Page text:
A theoretical solution of the channeling effect is presented. The details of the channeling production are investigated in detail and an approximate method for obtaining the temperature distribution is presented. These results complete a theoretical solution of the channeling effect which has a number of different applications in energy-related problems, such as fixed-bed catalytic reactors, metal processing, underground coal gasification, oil shale, chemical-reaction engineering, drying and packed-bed heat exchangers. These differential permeability problems are also encountered in several energy resource extraction applications related to underground coal conversion, vertical modified in-situ (VSIS) oil shale retortion, steam flooding and oil recovery from tar sands. The method of matched asymptotic expansions is used to obtain the theoretical solution. The effects of using the singular perturbation solution in obtaining the temperature distribution are discussed. The existence and the concept of the triple momentum boundary layer in variable porosity media is analyzed in detail. The theoretical results are found to be in good agreement with the numerical and the available experimental results.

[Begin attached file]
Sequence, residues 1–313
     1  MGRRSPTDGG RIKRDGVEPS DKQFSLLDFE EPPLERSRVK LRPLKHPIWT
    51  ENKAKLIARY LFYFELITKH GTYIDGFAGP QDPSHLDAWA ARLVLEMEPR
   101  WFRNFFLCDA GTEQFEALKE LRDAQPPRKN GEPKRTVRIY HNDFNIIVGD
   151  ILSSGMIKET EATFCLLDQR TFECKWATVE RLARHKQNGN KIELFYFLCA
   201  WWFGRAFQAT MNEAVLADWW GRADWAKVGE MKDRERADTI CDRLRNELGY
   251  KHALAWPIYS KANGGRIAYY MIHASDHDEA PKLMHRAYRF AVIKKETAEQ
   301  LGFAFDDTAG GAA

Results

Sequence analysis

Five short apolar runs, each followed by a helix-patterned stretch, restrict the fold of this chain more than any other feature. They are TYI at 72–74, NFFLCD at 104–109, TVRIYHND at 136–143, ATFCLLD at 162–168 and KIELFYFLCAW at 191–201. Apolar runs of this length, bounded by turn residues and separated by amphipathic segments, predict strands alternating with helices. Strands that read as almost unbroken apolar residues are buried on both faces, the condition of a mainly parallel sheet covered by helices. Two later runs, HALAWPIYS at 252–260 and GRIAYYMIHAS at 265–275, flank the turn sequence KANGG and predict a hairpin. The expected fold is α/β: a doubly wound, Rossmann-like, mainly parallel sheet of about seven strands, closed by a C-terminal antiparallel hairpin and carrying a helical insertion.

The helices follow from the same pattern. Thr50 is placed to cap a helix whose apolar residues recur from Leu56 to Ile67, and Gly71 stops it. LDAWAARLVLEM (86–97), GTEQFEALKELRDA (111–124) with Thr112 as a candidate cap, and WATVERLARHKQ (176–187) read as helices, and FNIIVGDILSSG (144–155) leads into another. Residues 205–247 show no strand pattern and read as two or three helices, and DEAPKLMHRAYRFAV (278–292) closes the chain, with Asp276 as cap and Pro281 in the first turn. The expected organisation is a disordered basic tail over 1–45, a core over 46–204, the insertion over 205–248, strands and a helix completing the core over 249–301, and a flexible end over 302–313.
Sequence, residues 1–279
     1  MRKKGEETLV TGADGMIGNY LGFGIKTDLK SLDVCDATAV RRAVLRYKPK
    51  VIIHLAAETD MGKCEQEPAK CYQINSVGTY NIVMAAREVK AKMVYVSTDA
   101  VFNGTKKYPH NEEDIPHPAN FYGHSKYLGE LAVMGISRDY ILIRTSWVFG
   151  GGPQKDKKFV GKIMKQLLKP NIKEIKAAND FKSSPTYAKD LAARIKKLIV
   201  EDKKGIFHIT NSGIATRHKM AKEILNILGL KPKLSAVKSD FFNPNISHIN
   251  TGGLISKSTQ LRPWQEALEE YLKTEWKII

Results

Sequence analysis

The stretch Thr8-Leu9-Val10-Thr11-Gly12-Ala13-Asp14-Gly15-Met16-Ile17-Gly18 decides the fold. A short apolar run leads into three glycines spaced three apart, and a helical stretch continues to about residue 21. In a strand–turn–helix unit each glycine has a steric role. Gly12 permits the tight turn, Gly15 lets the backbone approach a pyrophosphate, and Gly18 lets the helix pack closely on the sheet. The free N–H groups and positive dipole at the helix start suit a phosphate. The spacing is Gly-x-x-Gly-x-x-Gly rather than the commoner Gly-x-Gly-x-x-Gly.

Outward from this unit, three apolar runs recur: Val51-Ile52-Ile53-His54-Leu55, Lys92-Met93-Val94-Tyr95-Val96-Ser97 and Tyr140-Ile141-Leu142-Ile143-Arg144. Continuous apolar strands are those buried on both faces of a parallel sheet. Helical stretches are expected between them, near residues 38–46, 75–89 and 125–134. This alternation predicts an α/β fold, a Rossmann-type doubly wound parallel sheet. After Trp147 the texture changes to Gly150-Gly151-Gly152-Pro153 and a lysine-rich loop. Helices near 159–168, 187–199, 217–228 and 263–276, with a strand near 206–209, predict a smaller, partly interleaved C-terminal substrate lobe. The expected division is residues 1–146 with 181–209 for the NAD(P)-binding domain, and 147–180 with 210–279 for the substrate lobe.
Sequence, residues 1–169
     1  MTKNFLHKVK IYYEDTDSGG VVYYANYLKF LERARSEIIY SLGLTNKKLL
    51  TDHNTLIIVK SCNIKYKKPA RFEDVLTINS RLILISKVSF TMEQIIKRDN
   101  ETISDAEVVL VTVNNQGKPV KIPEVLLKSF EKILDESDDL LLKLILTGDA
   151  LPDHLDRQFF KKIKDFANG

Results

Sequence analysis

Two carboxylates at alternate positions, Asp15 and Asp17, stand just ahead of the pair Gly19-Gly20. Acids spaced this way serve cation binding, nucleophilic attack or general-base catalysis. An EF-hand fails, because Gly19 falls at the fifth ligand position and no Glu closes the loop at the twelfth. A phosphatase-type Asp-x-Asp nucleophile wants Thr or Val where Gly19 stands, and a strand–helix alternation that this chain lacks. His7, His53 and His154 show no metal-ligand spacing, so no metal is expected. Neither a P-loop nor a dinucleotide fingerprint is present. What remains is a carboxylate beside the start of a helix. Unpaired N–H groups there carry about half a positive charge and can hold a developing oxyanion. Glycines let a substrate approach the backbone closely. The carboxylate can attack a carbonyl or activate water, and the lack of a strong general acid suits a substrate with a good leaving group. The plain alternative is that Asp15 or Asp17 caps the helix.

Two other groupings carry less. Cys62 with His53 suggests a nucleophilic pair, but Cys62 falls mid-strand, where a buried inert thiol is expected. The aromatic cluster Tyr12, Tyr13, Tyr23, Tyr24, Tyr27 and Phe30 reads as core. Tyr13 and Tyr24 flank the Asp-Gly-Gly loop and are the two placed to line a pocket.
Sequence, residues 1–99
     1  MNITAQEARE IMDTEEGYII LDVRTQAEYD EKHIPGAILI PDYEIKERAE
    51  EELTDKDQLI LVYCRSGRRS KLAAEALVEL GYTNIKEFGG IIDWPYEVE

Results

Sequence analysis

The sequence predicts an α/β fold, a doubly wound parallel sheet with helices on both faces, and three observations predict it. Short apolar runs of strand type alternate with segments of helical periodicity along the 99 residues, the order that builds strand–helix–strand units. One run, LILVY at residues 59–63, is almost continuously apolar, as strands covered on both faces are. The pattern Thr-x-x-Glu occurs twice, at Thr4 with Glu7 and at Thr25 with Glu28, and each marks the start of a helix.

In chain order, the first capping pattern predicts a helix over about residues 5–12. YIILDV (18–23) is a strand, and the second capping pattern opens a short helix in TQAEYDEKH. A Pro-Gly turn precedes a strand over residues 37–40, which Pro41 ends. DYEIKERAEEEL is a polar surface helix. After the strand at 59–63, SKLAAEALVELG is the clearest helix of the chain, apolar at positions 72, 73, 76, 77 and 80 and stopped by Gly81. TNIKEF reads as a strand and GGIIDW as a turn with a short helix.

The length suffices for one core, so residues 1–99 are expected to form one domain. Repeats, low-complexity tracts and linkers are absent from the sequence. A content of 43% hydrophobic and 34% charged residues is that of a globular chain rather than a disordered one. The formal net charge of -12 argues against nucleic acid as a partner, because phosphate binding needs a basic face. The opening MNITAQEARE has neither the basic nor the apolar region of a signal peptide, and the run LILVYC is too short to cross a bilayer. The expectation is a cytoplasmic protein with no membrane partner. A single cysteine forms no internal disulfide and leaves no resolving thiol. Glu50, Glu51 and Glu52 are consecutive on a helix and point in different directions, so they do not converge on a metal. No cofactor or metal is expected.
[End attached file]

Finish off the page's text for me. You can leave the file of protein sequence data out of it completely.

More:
Commentary by Dr. Valentin Fuster
J. Energy Resour. Technol. 1986;108(2):140-145. doi:10.1115/1.3231253.